Monday, Feb. 9, 2009 | 2:06 a.m.
The use of prepaid debit cards has gradually expanded from gift purchases to cash withdrawals from automated teller machines and payroll disbursements to employees. Prepaid cards can also be tied to cell phones, enabling the technically savvy to transfer funds from one account to another.
Law enforcement agencies in Nevada are worried that some of those savvy folks are drug dealers, terrorists or other bad guys who are using the debit cards to transact illicit business, including money laundering. A bill sponsored by the Nevada Technology Crime Advisory Board, which is headed by Nevada Attorney General Catherine Cortez Masto and whose members include Metro Police and the FBI, attempts to address those concerns by giving the agencies greater tools to fight cybercriminals.
But one problematic aspect of Senate Bill 82, now before the state Senate Judiciary Committee, is that it would allow law enforcement to seize balances on prepaid cards without a search warrant. As the board discussed at a meeting in June, one of the arguments behind this is that suspected criminals could move money electronically before a warrant could be obtained.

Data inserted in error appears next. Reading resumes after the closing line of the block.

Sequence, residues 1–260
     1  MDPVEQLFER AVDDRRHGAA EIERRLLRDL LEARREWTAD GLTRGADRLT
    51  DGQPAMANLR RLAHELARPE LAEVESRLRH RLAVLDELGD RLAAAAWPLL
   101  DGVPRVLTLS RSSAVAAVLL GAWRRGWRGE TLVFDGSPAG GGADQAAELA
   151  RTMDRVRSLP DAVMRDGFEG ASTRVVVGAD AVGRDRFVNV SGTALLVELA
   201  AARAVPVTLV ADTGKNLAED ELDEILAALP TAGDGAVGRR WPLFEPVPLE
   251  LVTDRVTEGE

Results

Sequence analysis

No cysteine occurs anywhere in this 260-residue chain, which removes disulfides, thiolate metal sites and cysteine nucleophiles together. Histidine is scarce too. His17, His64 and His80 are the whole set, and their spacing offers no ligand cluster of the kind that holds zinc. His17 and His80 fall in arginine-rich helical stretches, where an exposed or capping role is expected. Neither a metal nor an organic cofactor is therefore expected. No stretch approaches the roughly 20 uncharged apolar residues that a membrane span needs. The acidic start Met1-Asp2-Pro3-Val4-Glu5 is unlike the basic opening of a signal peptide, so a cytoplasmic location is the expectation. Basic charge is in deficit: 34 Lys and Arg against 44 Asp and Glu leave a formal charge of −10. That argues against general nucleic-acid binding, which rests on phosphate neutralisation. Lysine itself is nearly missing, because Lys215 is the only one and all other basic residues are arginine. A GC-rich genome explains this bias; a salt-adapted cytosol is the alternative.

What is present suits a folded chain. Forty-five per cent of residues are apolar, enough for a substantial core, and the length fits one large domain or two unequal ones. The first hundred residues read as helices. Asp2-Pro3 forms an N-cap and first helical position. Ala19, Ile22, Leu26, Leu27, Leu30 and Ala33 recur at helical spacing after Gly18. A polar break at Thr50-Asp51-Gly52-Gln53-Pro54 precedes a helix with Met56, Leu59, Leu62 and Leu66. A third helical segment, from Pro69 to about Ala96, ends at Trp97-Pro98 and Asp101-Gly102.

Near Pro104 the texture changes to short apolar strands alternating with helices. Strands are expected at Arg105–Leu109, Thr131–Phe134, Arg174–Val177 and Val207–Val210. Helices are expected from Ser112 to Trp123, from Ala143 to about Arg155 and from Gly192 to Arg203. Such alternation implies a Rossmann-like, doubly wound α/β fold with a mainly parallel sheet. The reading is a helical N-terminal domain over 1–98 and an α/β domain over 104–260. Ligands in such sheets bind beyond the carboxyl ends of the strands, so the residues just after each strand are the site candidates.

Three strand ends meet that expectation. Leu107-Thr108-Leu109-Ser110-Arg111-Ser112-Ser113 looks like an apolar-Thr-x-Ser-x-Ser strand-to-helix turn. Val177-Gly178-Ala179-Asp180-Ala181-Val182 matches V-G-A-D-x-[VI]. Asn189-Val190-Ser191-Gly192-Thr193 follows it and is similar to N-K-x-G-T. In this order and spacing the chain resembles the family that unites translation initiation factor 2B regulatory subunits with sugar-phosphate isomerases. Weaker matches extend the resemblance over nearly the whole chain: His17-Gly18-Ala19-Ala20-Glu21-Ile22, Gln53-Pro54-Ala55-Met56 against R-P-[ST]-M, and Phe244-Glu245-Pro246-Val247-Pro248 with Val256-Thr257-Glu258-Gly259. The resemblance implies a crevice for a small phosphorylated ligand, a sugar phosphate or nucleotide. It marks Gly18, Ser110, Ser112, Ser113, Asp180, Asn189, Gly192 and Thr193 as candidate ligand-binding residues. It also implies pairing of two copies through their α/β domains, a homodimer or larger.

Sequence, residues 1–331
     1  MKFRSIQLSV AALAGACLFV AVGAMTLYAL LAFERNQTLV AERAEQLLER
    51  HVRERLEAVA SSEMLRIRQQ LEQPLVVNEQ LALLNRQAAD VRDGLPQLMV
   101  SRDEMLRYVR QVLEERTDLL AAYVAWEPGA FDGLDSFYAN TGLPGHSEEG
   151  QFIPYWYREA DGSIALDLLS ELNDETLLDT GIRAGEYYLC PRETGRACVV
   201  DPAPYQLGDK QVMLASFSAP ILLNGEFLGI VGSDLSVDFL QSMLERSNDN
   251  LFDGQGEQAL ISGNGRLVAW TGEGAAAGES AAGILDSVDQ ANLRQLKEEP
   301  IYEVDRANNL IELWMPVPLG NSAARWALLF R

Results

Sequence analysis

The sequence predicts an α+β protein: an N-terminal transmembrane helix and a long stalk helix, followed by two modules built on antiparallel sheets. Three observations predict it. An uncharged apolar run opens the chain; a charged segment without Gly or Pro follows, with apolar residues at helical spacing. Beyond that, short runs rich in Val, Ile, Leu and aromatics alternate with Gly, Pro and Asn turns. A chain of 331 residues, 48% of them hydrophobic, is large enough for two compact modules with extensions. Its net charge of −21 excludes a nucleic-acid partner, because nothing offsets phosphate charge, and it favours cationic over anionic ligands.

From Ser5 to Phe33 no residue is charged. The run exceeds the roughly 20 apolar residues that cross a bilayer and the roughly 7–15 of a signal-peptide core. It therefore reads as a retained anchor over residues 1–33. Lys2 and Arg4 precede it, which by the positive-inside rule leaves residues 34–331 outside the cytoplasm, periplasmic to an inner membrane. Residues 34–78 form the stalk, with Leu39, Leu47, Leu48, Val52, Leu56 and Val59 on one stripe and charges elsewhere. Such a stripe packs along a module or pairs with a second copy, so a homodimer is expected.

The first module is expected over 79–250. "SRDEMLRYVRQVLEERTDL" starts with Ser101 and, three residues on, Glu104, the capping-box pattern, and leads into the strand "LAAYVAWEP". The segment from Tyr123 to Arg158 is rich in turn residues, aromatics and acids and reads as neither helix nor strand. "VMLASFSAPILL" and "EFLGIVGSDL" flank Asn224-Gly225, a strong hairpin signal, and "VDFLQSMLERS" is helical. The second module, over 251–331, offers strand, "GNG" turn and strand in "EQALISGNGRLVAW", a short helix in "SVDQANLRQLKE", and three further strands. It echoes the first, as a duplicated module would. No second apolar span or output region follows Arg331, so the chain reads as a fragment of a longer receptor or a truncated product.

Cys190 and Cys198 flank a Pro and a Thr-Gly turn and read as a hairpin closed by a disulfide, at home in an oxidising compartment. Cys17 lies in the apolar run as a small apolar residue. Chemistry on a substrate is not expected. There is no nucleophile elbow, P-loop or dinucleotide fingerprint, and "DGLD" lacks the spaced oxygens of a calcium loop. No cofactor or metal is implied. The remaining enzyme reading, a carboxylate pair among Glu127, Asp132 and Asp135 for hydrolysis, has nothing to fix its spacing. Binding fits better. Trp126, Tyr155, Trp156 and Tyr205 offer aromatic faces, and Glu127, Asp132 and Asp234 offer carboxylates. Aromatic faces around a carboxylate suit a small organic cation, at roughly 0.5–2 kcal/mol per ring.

We don’t see, though, how SB82 can possibly meet the standards of the U.S. Constitution’s Fourth Amendment, which affords Americans protection against unreasonable searches and seizures. Passing the bill as written could set a dangerous precedent for other warrantless seizures, which are generally allowed in emergency situations only.
The Associated Press, in a story about Thursday’s initial legislative hearing on the bill, wrote about the objections to the bill lodged by the American Civil Liberties Union and by public defenders from Clark and Washoe counties.
“Obtaining a warrant isn’t that difficult,” ACLU of Nevada attorney Lee Rowland said. “In reality, a magistrate can usually be reached anywhere between 20 minutes and two hours.”
Granted, law enforcement agencies face challenges as cybercriminals become more technologically sophisticated. But the Nevada Legislature should not bend constitutional safeguards when considering crime-fighting measures.